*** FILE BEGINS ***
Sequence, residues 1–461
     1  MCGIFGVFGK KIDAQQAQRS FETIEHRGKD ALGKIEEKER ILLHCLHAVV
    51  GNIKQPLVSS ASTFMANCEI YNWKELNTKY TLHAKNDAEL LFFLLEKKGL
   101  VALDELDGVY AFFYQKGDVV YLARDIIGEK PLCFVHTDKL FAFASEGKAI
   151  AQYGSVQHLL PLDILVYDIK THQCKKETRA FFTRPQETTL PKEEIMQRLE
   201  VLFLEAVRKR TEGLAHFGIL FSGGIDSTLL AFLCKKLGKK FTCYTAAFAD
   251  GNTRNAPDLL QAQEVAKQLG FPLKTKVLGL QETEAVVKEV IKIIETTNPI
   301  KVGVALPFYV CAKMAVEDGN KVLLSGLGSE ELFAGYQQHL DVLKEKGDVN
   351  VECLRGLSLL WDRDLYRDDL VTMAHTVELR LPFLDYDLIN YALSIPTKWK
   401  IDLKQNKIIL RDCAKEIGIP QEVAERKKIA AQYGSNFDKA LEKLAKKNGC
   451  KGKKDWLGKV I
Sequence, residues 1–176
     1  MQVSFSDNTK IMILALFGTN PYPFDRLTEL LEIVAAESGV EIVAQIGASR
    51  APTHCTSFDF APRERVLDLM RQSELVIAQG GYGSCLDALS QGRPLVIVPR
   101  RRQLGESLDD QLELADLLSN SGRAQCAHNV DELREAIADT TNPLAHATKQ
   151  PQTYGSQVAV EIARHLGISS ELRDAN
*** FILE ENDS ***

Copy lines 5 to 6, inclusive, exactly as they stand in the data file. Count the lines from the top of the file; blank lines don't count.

   151  AQYGSVQHLL PLDILVYDIK THQCKKETRA FFTRPQETTL PKEEIMQRLE
   201  VLFLEAVRKR TEGLAHFGIL FSGGIDSTLL AFLCKKLGKK FTCYTAAFAD